Complications from Thyroid Cancer Surgery More Common Than Believed, Study Finds
A large, population-based study identifies three groups most at risk of postoperative complications.
As thyroid cancer rates rise, more people are having surgery to remove all or part of their thyroid. A new study suggests complications from these procedures are more common than previously believed.
Overall, 6.5 percent of thyroid cancer patients had general postoperative complications in the month after surgery, and 12 percent had complications specific to thyroid surgery within a year of the operation. But the risks were significantly higher for certain groups, suggesting the opportunity for targeted interventions and education to improve outcomes.
“That 12 percent of patients overall had thyroid surgery-specific complications is concerning. Most of our surgeons quote a 1 to 3 percent rate. This is quadruple what we had thought,” says lead study author Maria Papaleontiou, M.D., assistant professor of metabolism, endocrinology and diabetes at Michigan Medicine.
Most previous studies on thyroid surgery complications have been from single institutions, often high-volume centers, which are known to have better outcomes.
The new study, published in the Journal of Clinical Endocrinology and Metabolism, looked at 22,867 people who had surgery for thyroid cancer between 1998 and 2011. Data were collected from the Surveillance, Epidemiology and End Results-Medicare linked database.
Researchers looked at general postoperative complications — fever, infection, blood clots or swelling — that occurred within the first 30 days after surgery. They also examined complications specific to thyroid surgery, such as hypoparathyroidism, hypocalcemia, and vocal cord or fold paralysis. These conditions can have a lifelong impact on patients.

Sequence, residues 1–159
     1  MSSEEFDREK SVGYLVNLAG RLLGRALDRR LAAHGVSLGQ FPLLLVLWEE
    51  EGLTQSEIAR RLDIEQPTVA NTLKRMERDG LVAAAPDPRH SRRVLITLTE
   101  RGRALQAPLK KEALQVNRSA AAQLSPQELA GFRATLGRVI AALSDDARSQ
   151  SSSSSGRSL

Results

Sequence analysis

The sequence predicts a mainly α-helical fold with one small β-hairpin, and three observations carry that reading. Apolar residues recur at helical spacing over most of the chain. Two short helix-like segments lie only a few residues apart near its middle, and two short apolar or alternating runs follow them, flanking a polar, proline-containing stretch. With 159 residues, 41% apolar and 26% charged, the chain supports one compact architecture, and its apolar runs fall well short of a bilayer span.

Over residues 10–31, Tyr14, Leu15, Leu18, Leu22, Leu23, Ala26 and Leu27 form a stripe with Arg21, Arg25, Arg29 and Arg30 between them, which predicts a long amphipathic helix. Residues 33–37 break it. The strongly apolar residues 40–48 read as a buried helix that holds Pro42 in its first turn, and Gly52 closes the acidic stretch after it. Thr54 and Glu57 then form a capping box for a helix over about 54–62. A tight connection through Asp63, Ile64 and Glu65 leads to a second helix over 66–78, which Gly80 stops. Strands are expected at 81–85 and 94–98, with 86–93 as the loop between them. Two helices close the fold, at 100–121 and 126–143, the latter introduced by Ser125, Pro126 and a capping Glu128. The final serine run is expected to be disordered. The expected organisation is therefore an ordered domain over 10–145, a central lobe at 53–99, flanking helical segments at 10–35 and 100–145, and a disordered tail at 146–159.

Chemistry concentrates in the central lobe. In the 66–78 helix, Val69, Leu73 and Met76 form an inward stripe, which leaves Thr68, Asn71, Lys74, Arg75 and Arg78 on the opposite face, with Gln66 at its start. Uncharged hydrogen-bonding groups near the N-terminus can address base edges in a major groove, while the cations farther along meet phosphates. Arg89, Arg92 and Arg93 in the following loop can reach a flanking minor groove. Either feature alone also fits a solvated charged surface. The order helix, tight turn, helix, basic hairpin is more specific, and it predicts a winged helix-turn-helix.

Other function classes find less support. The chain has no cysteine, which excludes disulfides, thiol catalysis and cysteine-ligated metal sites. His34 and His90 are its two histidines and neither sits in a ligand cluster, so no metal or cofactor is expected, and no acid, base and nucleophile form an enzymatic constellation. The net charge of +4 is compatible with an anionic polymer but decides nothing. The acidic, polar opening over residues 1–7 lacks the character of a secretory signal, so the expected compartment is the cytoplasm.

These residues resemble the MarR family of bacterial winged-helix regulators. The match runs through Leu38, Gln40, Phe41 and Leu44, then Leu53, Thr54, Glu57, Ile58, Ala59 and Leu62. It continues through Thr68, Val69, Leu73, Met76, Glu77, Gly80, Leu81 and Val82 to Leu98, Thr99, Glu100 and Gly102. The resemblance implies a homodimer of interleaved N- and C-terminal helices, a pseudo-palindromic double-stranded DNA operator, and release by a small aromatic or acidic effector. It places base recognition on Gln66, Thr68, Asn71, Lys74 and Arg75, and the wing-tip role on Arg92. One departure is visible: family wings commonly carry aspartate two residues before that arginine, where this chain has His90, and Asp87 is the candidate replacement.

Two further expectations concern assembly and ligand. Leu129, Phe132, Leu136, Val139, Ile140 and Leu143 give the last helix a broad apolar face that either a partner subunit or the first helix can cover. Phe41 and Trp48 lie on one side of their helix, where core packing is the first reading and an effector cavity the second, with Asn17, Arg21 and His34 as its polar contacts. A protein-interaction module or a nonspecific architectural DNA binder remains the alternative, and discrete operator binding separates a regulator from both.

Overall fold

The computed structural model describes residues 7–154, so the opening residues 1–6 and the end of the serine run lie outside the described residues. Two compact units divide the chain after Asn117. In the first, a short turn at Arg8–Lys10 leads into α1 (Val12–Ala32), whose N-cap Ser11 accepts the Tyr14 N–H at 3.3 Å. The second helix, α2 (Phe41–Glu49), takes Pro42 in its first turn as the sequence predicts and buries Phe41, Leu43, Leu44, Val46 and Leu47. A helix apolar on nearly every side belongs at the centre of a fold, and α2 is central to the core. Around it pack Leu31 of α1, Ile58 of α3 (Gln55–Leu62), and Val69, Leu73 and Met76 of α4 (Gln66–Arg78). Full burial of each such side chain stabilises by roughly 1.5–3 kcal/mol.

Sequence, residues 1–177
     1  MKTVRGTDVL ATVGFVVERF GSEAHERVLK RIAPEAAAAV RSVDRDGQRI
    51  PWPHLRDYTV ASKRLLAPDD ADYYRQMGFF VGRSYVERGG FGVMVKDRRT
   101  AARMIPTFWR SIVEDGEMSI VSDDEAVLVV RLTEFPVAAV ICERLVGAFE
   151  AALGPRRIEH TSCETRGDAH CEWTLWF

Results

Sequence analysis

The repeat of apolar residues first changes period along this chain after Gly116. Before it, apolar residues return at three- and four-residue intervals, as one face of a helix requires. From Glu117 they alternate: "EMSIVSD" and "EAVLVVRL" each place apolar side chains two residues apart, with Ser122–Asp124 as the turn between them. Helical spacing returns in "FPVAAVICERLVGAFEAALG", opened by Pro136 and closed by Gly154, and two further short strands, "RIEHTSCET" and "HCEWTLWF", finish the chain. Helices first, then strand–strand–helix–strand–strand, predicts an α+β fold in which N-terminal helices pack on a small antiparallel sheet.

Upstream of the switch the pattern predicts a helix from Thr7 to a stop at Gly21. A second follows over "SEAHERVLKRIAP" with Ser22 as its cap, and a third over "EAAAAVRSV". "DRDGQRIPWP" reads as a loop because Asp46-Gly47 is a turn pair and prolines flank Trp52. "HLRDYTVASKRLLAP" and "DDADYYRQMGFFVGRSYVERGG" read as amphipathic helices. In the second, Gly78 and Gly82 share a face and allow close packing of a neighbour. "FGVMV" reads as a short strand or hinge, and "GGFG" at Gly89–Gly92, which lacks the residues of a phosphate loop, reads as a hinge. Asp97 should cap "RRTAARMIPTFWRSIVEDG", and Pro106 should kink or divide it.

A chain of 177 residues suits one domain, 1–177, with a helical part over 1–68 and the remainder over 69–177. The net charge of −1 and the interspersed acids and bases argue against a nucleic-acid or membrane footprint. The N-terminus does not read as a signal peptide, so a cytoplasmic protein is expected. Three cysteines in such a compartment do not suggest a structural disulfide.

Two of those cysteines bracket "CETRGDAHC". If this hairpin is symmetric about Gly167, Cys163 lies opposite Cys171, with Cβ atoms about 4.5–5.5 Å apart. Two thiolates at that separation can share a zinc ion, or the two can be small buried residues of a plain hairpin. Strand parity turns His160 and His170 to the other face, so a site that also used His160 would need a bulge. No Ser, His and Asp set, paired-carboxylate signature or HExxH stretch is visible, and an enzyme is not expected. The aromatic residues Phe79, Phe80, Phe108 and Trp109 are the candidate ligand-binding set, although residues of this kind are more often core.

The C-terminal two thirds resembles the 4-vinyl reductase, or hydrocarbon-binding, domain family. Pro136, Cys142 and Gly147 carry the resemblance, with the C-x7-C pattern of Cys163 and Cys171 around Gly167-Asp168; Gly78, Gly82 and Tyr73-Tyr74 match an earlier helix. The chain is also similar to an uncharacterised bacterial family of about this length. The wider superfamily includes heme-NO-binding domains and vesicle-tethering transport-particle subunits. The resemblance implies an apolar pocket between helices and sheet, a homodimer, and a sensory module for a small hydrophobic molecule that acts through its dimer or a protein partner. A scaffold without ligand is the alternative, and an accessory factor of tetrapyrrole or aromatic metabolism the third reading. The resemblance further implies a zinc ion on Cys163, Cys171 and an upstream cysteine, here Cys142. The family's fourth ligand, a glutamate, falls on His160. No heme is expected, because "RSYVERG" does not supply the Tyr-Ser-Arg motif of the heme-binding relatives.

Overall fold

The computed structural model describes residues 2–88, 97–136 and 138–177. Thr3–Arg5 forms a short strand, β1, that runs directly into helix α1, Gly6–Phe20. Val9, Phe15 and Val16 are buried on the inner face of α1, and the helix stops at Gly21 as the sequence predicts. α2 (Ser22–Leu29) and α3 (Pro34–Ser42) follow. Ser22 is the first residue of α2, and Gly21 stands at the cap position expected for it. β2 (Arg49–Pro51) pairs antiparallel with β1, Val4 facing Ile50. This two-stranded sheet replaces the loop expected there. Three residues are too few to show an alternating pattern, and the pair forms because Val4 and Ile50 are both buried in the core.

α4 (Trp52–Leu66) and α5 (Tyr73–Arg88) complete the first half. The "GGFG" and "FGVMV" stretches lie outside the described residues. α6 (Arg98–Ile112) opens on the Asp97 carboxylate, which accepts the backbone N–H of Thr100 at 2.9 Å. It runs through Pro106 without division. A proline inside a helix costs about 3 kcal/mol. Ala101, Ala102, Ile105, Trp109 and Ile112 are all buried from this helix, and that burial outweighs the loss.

“When we work with patients to treat thyroid cancer, we’re always balancing benefits and risks. This study shows there are more complications from surgery for thyroid cancer than expected. It suggests an opportunity to educate both patients and providers to decrease complications and improve outcomes,” says senior study author Megan R. Haymart, M.D., assistant professor of metabolism, endocrinology and diabetes, also at Michigan Medicine.
Patients at risk
The researchers identified three groups for which both general and thyroid surgery-specific complications were more common:
Patients older than 65
Patients with more advanced thyroid cancer
Patients with coexisting medical conditions
Older patients were about three times more likely to have complications than those younger than 65. Ten percent of older patients developed general postoperative complications, and 19 percent had thyroid surgery-related complications. For patients younger than 65, 3 percent had general complications, and 6 percent had thyroid surgery-related complications.
Advanced disease was associated with the highest number of complications: 23 percent of patients whose cancer had spread throughout the body had thyroid surgery-specific complications, a number the researchers call “alarming.”
“Thyroidectomy is considered a fairly safe operation in general, but some populations are more vulnerable and need extra attention in pre- and postoperative care,” Papaleontiou says.
The researchers suggest better educating patients and providers so that those at risk of complications seek out high-volume surgeons, who tend to have better outcomes. Other studies have shown that low-volume surgeons perform a disproportionate number of thyroid surgeries in the United States.
In addition, the researchers say it’s crucial to educate endocrinologists — who typically treat hypoparathyroidism and hypocalcemia — on the likelihood of these risks in patients who have had thyroid cancer surgery.
Haymart also says conversations about limiting surgery for those with low-risk disease may be appropriate.
“Even in low-risk patients, the risk of vocal cord paralysis is still 2 percent, and the risk of hypoparathyroidism is 8 percent. This is higher than we’d like to see,” Haymart says. “Are there options to do less-extensive surgery for these patients? If the cancer control benefits are similar but the risks of long-term complications would be less, we need to provide patients with this option.”